Clive Dunn – 1920 – 2012
Perhaps best known for his work as Lance Corporal Jones in Dad’s Army he would go on to play many roles as an older person.
Born in Covent Garden, London, Dunn’s parents were both actors. He was also the cousin of actress Gretchen Franklin.
As a child he encountered a health scare when he almost died from post-operative complications after a supernumerary nipple was removed.
Dunn was educated at Sevenoaks School, an independent boarding school for boys (now coeducational), in Sevenoaks, Kent. After leaving school, he studied at the independent Italia Conti Academy of Theatre Arts, in London.
in 1951 Dunn married fashion model Patricia Kenyon. The marriage didn’t last and in June 1959 he married actress Priscilla Pughe-Morgan, they had two Daughters Polly and Jessica.
He began his career in the 1930’s with small film roles. His career took a break during the Second World War when he served in the army with the 4th Queen’s Own Hussars, during the course of which he was captured in Greece and spent four years in prisoner-of-war and labour camps in Austria.
In 1977, after Dads Army ended, Clive Dunn accepted the OBE after being offered the honour many times previously.
A long career ended in retirement in 1984, when his BBC children’s television comedy ‘Grandad’ was cancelled. He retired to Portugal where he would spend his time as an artist painting portraits, landscapes and seascapes until his sight failed. During this time he remained out of the public eye.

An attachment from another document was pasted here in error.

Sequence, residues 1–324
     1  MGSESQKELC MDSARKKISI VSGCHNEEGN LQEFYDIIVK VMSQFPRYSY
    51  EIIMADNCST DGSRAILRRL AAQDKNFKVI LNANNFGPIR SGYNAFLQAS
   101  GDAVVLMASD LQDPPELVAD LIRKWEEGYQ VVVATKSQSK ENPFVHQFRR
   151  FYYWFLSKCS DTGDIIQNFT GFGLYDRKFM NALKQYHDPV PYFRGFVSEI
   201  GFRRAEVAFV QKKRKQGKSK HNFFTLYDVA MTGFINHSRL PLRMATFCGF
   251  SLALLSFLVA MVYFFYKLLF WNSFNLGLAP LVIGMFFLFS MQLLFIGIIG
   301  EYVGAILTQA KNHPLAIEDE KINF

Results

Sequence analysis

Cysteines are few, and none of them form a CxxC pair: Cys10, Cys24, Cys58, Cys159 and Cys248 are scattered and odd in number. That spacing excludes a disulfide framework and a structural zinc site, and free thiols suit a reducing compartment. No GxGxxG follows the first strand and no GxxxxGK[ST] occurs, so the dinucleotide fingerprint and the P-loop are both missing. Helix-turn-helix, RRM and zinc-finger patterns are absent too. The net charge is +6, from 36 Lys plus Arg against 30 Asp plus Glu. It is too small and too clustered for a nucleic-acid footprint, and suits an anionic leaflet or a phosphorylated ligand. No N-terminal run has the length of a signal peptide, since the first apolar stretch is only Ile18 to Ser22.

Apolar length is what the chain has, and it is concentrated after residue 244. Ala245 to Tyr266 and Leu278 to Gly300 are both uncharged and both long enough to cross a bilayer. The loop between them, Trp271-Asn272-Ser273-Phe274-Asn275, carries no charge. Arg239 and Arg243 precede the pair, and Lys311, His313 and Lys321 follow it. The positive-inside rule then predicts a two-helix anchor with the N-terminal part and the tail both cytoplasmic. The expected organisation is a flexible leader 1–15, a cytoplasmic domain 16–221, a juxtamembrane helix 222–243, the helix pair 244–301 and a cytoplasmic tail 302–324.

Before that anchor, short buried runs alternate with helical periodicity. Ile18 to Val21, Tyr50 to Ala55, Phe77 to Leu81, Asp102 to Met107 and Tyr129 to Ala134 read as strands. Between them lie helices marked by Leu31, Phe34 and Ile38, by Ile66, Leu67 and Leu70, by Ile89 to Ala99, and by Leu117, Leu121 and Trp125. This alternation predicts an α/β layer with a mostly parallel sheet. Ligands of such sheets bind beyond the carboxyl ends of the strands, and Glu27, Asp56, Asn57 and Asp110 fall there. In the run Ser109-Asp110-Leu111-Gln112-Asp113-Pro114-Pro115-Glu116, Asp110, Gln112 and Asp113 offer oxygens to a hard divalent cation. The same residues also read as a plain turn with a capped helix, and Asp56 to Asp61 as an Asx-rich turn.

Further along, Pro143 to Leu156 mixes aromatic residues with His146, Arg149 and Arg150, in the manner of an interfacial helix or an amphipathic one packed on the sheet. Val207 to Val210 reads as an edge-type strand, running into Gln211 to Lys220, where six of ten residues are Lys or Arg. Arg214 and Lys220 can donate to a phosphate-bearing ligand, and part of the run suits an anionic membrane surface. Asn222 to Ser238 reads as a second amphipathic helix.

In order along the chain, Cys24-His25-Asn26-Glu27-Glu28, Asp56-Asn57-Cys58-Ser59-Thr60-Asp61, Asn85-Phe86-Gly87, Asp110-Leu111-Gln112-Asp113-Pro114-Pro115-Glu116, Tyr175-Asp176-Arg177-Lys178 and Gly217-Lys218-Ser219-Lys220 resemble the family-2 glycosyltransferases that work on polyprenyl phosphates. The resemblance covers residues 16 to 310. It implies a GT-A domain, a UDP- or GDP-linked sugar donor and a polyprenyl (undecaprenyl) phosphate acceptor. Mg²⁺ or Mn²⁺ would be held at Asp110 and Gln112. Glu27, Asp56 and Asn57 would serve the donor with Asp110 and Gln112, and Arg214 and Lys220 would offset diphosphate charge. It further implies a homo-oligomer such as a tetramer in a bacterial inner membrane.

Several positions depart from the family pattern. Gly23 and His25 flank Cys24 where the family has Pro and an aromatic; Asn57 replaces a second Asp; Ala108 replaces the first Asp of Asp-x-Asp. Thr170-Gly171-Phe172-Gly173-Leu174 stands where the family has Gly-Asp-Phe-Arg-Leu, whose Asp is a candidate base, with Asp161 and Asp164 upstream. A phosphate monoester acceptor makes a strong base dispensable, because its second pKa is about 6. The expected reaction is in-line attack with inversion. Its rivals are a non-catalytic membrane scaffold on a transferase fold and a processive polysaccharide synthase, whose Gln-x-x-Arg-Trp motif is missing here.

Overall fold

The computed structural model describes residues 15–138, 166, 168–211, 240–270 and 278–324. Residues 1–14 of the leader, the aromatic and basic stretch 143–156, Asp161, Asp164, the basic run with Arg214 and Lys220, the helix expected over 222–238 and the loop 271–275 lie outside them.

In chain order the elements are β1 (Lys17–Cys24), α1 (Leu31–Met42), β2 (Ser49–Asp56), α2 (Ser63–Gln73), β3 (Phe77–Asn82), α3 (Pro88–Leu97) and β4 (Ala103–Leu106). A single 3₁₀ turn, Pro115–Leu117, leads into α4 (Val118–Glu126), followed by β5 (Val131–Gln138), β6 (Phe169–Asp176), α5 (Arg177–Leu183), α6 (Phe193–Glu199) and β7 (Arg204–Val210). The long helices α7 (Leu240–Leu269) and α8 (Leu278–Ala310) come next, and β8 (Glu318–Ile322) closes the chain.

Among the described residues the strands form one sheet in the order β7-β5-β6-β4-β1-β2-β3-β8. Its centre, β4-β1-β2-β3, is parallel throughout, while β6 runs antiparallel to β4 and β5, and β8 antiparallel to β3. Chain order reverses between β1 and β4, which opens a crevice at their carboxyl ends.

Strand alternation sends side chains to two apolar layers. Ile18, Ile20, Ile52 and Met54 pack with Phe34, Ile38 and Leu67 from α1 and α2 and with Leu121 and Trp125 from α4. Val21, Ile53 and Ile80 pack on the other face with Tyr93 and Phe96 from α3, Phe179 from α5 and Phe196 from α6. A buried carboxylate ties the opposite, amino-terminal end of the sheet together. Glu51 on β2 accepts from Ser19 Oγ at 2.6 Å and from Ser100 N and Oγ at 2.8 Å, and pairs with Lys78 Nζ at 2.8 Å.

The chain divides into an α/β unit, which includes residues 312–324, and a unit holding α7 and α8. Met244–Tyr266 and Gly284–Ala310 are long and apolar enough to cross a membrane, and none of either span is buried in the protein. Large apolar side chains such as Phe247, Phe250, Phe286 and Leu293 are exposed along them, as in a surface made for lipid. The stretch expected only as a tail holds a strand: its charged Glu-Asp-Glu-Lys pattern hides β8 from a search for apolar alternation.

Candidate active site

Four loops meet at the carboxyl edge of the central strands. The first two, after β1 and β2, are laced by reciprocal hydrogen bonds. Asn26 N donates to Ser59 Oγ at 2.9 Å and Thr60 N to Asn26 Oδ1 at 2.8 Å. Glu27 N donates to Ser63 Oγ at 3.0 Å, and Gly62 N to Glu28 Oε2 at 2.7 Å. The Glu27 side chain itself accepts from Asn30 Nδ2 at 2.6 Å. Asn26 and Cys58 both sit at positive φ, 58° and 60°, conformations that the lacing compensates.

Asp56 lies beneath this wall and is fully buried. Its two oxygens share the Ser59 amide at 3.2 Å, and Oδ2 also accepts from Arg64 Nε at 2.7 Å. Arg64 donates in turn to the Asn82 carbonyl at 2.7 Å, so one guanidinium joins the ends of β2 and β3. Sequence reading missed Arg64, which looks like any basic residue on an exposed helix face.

A 2006 article reported that Dunn had eye trouble but otherwise was in good health. He made brief recording in 2008 for the program Jonathan Ross Salutes Dad’s Army, which was shown to celebrate the fortieth anniversary of Dad’s Army.
On the 6th November 2012 Clive Dunn passed away after complications arising from an operation earlier in the week, robbing the entertainment world of another of the greats.
Dunn’s early career started with small film roles from the 1930s onwards, appearing alongside Will Hay in the films Boys Will Be Boys (1935) and Good Morning, Boys (1937). After World War 2, upon leaving the army Dunn would resume his career working for a good many years in music halls and theatres.
In 1956 and 1957, Dunn appeared in both series of The Tony Hancock Show and the army reunion party episode of Hancock’s Half Hour in 1960. During the 1960’s he made many appearances with Tony Hancock, Michael Bentine, Dora Bryan and Dick Emery, among others, before winning the role that would make him a household name, that of Lance Corporal Jack Jones in Dad’s Army in 1968.
Even early on in his career he made a name for himself creating what would become his trademark character: that of a doddering old man. This first made an impression in the show Bootsie and Snudge, a spin off from The Army Game. Dunn played the old dogsbody,”Mr Johnson” at a slightly seedy gentlemen’s club where the characters Private. “Bootsie” Bisley (Alfie Bass) and Sergeant. Claude Snudge (Bill Fraser) found work after leaving the Army.
In 1967 he made a guest appearance in an episode of The Avengers, playing the proprietor of a toy shop in “Something Nasty in the Nursery”. He was also one of the alien voices in the Cadbury’s Smash advertisements in the 1970s, alongside Dad’s Army co-star Bill Pertwee.
Whilst still working on Dad’s Army, Dunn starred as Sam Corbett in the ITV sitcom My Old Man, which ran for two series between 1974 and 1975. When Dad’s Army ended in 1977, Dunn became a household name all over again when in 1979 he took on the role of Charlie Quick in the BBC children’s comedy Grandad, he had previously had a hit in in 1971 with a song of the same name. In 1984 the BBC axed Grandad and Dunn effectively disappeared off our screens.